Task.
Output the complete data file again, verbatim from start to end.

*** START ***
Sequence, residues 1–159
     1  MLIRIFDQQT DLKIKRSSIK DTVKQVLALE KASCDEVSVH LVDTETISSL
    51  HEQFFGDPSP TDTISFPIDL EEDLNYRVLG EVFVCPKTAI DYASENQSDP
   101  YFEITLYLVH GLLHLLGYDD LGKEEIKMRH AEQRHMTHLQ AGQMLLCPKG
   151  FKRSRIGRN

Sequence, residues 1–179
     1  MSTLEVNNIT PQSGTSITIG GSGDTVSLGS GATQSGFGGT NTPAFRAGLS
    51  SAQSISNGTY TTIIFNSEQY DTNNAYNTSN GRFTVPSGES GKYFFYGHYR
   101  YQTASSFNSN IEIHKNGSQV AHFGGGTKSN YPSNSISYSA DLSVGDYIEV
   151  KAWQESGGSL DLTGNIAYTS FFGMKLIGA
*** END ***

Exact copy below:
Sequence, residues 1–159
     1  MLIRIFDQQT DLKIKRSSIK DTVKQVLALE KASCDEVSVH LVDTETISSL
    51  HEQFFGDPSP TDTISFPIDL EEDLNYRVLG EVFVCPKTAI DYASENQSDP
   101  YFEITLYLVH GLLHLLGYDD LGKEEIKMRH AEQRHMTHLQ AGQMLLCPKG
   151  FKRSRIGRN

Sequence, residues 1–179
     1  MSTLEVNNIT PQSGTSITIG GSGDTVSLGS GATQSGFGGT NTPAFRAGLS
    51  SAQSISNGTY TTIIFNSEQY DTNNAYNTSN GRFTVPSGES GKYFFYGHYR
   101  YQTASSFNSN IEIHKNGSQV AHFGGGTKSN YPSNSISYSA DLSVGDYIEV
   151  KAWQESGGSL DLTGNIAYTS FFGMKLIGA